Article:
They’ve Told You…Now What?
An initial disclosure of sexual abuse is the first step in a survivor’s decision to heal. They have determined that you are a safe person to go to. They are taking a leap of faith telling you what has happened to them, and most likely hoping you will respond with compassion and love. Please understand, telling you is only the beginning. Healing can be messy; It is not like climbing a staircase, with one step cleanly leading to the next. At times, healing can feel like a battle, taking two steps forward and one step back. In this two-part series, we want to focus on significant others that have experienced a disclosure first hand. Though all survivors heal in their own way, we want to provide some common steps in the healing process, what to expect, and how to manage being a trusted hero.
A significant other may be told about memories resurfacing; some survivors have a clear memory of their abuse. Others may have compartmentalized the abuse as a child and now feel as if they are being flooded with what they couldn’t remember before. Flashbacks, anxiety, nightmares, mood swings, and misplaced anger may surface. Whether the survivor shares these memories with you directly or with a counselor or support group, this will impact both of your lives.
Believing Abuse Took Place
Some survivors spend years of their lives living with an unsafe secret. It is possible they were shamed to the point where denial seems easier to manage than confronting the abuse head-on. Maybe they were blamed, told they were lying, or ignored when asking for help that they now do not trust themselves or even their own memories. Patience is crucial in all parts of healing, but especially during this period. The survivor is learning to trust themselves and come to terms with what happened to them as a child.
Learning the Abuse was Never Their Fault
Children so often are taught, and therefore believe, that sexual abuse is their fault. They are bad, dirty, or that some part of them made the abuse happen. This of course isn’t true, seeing as no one is responsible for abuse except the perpetrator…but unlearning blame and shame takes time. Many adult survivors still struggle to understand that what happened was never their fault. Not just on an intellectual level but rather with their whole being. As a significant other, please help break down the most damaging myth around sexual abuse: that a victim is somehow to blame for an abusers actions.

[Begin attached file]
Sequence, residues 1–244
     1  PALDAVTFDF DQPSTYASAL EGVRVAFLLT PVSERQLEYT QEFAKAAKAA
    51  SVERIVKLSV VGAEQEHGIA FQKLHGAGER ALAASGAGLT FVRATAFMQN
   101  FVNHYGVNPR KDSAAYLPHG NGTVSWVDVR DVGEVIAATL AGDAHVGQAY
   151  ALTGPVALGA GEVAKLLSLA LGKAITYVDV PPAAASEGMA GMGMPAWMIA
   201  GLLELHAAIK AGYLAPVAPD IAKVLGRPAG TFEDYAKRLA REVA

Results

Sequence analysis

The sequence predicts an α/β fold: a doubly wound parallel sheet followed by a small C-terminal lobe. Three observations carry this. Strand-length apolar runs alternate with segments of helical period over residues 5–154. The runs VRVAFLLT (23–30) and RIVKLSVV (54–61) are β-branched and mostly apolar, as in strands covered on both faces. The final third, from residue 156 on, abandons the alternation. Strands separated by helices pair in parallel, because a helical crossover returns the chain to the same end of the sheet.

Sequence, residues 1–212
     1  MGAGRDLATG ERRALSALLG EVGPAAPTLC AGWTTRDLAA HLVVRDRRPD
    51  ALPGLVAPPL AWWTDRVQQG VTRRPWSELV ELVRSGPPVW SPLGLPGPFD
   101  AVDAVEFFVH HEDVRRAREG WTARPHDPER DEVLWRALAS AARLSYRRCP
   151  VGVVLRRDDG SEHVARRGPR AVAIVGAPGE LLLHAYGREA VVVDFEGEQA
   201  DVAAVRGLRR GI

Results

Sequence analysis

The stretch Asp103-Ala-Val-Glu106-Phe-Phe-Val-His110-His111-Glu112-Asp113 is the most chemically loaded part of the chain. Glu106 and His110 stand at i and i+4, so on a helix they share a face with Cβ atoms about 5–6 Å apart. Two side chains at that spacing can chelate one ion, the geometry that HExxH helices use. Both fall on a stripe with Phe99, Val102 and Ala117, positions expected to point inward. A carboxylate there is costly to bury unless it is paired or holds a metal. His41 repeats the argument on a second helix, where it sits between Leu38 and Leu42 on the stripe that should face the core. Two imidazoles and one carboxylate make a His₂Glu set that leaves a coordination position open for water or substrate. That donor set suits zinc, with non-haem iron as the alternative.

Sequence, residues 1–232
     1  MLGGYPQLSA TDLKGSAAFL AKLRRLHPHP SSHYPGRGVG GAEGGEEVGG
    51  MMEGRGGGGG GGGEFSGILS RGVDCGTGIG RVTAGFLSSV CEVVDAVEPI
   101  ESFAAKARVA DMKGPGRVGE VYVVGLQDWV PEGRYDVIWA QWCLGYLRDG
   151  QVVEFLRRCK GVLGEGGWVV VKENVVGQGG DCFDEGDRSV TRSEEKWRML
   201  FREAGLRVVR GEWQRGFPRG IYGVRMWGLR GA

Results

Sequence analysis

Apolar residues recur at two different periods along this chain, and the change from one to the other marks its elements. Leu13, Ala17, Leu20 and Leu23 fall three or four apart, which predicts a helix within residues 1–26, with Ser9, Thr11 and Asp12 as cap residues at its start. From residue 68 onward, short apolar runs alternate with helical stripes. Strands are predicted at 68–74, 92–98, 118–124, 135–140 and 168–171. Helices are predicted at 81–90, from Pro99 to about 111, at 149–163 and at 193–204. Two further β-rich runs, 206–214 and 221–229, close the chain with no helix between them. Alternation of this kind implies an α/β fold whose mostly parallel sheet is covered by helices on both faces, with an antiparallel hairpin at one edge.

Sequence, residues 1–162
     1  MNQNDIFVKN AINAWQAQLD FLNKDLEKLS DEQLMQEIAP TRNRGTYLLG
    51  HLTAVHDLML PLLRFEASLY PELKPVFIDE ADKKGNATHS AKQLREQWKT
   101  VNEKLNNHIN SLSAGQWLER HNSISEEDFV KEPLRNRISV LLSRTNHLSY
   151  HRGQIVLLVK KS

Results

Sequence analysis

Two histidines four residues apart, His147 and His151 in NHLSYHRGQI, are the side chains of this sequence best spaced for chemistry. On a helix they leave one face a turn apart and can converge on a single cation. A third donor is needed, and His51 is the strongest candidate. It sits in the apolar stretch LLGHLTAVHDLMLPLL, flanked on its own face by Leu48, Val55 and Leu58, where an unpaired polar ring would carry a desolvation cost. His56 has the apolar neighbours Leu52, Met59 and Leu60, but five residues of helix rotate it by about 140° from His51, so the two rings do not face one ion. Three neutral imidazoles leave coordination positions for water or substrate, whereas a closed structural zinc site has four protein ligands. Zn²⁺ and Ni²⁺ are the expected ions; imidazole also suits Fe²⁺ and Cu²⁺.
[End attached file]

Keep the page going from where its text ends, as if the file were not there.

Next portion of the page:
93% of the time, a survivor of child sexual abuse knows their abuser. An adult survivor of sexual abuse needs space to grieve not only the loss of their childhood and innocence, but the fact that someone they knew, loved, and trusted hurt them in this way. For someone abused by a family member, they may have to grieve the losses of family who chose to support an abuser rather than the abused. While it may seem strange for a survivor to grieve over losing family or loved ones that were abusive, it is totally normal. Abusers gain the trust and love of a child and use it to silence them and continue their abuse. Just because a survivor learns that their abuser was wrong and hurtful does not automatically negate the love they may be feeling.
When a loved one discloses a trauma like sexual abuse, it can turn our world upside down. Many survivors lean on their closest friends and family to help them through a healing journey. Understand that the anger, grief, frustration, and sadness you feel are just as valid as a survivor’s, and if you do not acknowledge your own pain you cannot help another with their’s. Join us next week for Part 2, focusing on how we as significant others can maintain support to step back when a survivor breaks their silence and shares their story publicly.
FULL TRANSCRIPT (The following is the full transcript of this episode of The Be Seen and Heard Journey. Please note that this episode, like all BSH Journey episodes, features Victor speaking extemporaneously–he is unscripted and unedited.)